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Bud Berry & grandchildren

Marj and Bud Berry always had a welcoming home.

Marj would stand in the window waving at the kids walking to and from school. The kids waved back. The Berry home shone a welcoming light on the entire neighbourhood.

The Berry family home stood in the centre of the Carlingwood community for decades, always busy, always filled with love and laughter.

This made it easy for everyone when they decided Bud would spend his last days surrounded by the love of home and family.

In 1994, Bud had a recurrence of cancer and his doctor gave him up to a year to live with more treatment. Bud preferred not to have treatment, deciding to enjoy his remaining days without chemo.

It was then Bud was told he had between six to eight weeks to live.

The family sprung into motion. They focussed on keeping Bud home, where he could live his final days in the place he loved, surrounded by people who loved him.

“My brothers and his friends, who were cops and firemen, were loading Dad in and out of our van,” recalls Bud’s daughter, Sue Prior.  “They helped get Dad to the cancer centre to say goodbye to his doctors, nurses and fellow volunteers.”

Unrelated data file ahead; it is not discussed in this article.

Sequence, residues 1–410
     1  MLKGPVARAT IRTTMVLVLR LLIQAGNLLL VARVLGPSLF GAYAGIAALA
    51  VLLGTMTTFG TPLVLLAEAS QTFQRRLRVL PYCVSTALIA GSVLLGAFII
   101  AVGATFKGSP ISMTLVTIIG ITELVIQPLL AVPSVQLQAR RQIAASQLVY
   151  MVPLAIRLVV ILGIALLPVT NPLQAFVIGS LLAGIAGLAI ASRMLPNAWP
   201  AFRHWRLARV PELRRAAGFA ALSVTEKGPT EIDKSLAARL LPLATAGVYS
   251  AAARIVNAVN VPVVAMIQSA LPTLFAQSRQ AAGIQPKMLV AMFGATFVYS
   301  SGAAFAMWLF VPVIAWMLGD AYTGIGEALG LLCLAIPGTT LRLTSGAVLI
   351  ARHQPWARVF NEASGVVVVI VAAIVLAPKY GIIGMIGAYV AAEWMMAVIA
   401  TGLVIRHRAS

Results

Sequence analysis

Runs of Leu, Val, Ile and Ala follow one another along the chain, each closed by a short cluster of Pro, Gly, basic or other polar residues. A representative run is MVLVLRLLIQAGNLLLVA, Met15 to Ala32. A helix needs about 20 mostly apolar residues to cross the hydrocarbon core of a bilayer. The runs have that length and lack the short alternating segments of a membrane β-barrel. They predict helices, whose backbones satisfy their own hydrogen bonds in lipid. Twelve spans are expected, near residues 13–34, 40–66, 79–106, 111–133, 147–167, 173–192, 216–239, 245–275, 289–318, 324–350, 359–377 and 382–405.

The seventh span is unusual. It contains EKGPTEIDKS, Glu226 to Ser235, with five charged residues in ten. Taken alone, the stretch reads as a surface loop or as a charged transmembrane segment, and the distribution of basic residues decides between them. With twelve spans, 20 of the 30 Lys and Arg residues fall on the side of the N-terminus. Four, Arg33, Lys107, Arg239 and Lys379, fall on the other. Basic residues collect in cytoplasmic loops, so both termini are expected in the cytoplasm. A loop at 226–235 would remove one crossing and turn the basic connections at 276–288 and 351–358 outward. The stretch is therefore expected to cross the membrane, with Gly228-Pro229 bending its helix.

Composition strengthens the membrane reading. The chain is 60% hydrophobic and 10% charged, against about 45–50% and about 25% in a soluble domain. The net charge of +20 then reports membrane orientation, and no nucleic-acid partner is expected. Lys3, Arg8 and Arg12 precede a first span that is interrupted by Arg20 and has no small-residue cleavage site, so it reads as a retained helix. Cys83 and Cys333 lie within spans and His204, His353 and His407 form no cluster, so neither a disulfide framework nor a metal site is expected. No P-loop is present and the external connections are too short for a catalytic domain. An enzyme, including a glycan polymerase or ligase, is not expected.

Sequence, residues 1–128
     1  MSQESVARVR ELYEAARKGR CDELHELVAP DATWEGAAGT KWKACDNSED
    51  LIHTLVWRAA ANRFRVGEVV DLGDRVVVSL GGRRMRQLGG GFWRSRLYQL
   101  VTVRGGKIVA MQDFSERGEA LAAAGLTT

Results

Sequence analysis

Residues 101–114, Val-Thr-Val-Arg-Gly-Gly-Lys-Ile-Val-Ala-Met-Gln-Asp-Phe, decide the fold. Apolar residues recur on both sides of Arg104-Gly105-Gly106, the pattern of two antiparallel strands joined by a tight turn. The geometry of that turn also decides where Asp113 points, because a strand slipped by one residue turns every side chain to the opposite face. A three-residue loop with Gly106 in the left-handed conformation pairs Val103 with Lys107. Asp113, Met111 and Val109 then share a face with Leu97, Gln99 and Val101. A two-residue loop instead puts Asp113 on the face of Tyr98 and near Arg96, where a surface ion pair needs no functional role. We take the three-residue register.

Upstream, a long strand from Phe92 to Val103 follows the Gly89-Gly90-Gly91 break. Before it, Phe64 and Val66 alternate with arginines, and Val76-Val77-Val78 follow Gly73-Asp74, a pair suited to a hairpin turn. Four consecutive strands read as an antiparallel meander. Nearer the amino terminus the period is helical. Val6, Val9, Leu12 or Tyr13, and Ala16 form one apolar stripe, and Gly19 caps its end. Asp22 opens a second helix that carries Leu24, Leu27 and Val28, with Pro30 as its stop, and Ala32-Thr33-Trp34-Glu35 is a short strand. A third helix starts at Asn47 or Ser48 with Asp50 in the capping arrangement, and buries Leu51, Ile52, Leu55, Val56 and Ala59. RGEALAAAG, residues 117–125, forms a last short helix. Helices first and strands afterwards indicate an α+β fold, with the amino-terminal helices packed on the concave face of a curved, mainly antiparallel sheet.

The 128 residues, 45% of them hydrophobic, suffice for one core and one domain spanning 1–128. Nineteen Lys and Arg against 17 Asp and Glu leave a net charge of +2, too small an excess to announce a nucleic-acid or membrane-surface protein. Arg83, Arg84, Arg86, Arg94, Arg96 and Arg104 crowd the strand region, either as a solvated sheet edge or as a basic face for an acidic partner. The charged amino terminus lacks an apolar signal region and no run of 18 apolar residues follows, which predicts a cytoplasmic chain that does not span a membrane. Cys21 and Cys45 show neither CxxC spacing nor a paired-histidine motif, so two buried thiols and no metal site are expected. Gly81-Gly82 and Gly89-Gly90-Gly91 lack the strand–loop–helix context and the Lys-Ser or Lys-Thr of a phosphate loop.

The following weeks were filled with visits, laughter, joy and tears. The challenge of caring for a palliative patient was made easier by devoted nurses and personal support workers who cared for Bud like he was their father.

“We were fortunate to have occasional home help and daily nursing care to help with his meds and manage his night issues,” says Sue. “Friends and family helped fill the gaps so that mom could also maintain some of those friendships and outlets that help someone so much when coping with grief or loss.”

“Dad was very calm the last two weeks. On his last day, we knew that morning the end was near.”

When Bud slipped away, the family called the funeral home to make final arrangements.

“When we phoned the funeral parlour, Tom Flood, the funeral director, showed extra compassion telling us they’d come after the kids and family had a chance to say goodbye to Grandpa in his own bed, as had been our wish.”

Even though she knew Bud had passed away, his day nurse came and helped Sue and her mother get Bud ready for his final journey.

“When the grandkids came, Dad was in bed in fresh pyjamas,” remembers Sue. “He was in a familiar place with familiar people. We ordered in from Golden Palace. It was one more family event that we all shared together.”

“Palliative care at home gives you the chance to say goodbye when someone you love crosses the boundary from life to death,” says Sue.

“For my Dad, home is the place where he was happy. It was where his kids were happy. It was where his grandkids were happy.”

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